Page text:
Communications

The ABCs of RFPs

Looking for the perfect partner? Start the courtship process off right.

By Beth Labreche

Only a few companies started new communication campaigns during this recession. Many were in the market for as many ideas as possible, primarily because of their hesitancy to spend money in the first place. So they issued a request for proposal (RFP), and agencies responded to stay competitive, use up some of their extra time and because they were hungrier for work.
If you're interested in using an RFP to find a communications partner, here's some advice on how to use it to your (and the agency's) greatest advantage:

Who to invite
Be realistic. Don't send your RFP to an agency that has clients much larger than you. You may get them to respond during this tough economic period but, when times get better, you will likely become a lower priority.

Start with local lists. Two primary directories in the Twin Cities rank agencies by specific services like PR or advertising. Unfortunately, these lists don't accurately categorize agencies that provide multiple, integrated services-and these are likely the ones that would most benefit your business. So start with existing lists and then dig deeper using Google and by visiting agencies' sites to learn more about how they serve their clients.

Ask those businesses whose marketing you admire. If they are happy with their agency, they will be ready and willing to provide a reference to you.

What to ask for
What is your business philosophy? Let agencies walk you through their viewpoint on the most effective marketing mix. Let them tell you how they think. See if they're clear about their own value proposition, which would mean they'd be able to help you clear up your own.

What is your approach? Don't ask an agency to start spitting out ideas. That's presumptuous on both sides, and it will only romance you into an idea that may be off-target once your market research is done. Learn about an agency's approach, not specific tactics, to understand their processes and how they would apply what they do best to your situation.

Who would be my team? (And why are they on the team?) Make sure agencies don't just give you a slew of bios. Dig deeper to ask why those particular people would add value to your assignment. Do they have a special skill or experience in a niche industry that they would leverage on your behalf?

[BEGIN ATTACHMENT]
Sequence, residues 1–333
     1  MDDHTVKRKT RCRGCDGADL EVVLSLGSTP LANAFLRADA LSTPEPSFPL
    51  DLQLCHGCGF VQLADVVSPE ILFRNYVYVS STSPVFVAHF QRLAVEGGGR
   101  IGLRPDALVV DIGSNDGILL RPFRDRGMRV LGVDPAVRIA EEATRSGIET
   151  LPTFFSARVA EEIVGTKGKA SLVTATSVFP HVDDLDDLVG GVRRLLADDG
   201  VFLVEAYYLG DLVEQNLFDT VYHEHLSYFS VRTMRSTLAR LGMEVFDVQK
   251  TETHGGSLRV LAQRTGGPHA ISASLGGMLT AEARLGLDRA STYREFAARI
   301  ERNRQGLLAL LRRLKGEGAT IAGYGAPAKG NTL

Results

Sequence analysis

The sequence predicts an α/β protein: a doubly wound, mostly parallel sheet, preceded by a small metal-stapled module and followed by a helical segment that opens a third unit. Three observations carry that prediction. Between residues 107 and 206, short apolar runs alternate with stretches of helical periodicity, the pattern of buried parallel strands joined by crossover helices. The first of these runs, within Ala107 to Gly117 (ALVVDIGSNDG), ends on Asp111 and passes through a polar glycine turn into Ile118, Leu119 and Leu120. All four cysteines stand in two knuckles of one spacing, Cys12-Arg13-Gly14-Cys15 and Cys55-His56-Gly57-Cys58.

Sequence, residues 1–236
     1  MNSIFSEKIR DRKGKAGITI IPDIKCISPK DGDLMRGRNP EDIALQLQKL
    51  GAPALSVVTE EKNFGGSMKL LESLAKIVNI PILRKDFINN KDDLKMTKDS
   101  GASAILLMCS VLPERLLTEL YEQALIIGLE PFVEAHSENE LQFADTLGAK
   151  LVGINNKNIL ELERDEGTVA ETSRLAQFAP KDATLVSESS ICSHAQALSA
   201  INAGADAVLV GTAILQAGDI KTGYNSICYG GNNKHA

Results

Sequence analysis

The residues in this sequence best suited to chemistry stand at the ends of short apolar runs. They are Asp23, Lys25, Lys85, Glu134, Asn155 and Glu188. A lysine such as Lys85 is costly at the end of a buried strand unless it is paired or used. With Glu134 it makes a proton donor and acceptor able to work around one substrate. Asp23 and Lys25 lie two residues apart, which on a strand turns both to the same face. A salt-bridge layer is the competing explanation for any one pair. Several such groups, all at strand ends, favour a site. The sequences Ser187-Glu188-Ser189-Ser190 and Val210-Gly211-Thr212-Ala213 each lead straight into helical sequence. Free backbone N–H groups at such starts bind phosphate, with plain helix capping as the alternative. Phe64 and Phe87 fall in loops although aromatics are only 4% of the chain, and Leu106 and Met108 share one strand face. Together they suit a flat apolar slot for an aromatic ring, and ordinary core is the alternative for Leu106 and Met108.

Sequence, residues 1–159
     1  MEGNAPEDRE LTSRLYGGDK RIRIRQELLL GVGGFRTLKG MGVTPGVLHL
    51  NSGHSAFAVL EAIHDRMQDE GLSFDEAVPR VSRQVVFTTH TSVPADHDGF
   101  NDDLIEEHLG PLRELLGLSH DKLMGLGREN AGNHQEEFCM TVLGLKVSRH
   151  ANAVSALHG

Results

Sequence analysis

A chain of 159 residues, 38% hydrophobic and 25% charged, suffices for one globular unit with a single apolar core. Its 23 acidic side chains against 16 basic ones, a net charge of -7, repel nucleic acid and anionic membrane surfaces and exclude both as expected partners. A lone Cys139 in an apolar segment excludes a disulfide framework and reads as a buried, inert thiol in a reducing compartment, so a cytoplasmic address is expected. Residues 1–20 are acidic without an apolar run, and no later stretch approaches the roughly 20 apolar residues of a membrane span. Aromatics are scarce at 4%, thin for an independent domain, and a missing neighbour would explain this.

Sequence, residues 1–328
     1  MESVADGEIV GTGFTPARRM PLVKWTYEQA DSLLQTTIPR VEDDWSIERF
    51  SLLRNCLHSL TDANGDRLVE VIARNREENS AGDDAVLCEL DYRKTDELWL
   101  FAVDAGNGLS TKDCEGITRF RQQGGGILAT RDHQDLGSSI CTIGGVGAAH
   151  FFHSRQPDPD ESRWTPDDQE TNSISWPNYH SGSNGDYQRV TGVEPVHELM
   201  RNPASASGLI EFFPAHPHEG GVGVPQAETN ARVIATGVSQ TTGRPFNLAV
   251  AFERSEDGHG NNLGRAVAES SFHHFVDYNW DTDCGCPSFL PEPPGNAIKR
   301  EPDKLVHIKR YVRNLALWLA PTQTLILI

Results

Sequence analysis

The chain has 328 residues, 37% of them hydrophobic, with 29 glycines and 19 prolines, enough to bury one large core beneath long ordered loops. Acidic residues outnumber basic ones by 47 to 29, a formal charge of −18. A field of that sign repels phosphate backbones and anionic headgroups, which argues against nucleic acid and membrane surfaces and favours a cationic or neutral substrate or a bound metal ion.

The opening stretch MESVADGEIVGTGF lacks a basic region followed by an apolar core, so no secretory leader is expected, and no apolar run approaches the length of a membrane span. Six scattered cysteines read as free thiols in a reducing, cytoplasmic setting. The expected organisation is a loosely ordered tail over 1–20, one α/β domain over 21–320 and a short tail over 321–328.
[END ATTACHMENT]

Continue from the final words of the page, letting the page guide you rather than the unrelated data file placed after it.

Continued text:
Make the most of their presentation. After you make a short list of agencies you'd like to meet, based on their RFP responses, ask them for something different at the presentation than what you asked for in the RFP. Tell the agency specifically what aspects of their response you'd like to explore more deeply, then have them flesh out the information further. Skip asking for their qualifications-you wouldn't be meeting with them if they couldn't do the job. Make sure to allow enough discussion time, which lets you role-play what it would be like to work with them.

What not to ask for
Don't ask for details that already exist. Do enough research on the basics of the agency in order to choose them for the RFP. Then don't ask for the known details like office locations, number of employees or biggest clients, since these things should already be on their website.

Don't crunch their numbers_yet. Most agencies are competitively priced or they wouldn't be in business. Agencies use the billable hour, which means­-even if their pricing is slightly different-the scale of a project can be managed to fit into a reasonable budget range.

Making your RFP more strategic will make it work harder for you. The more thinking you put into it now, the less you'll have to spend later looking for a replacement agency.

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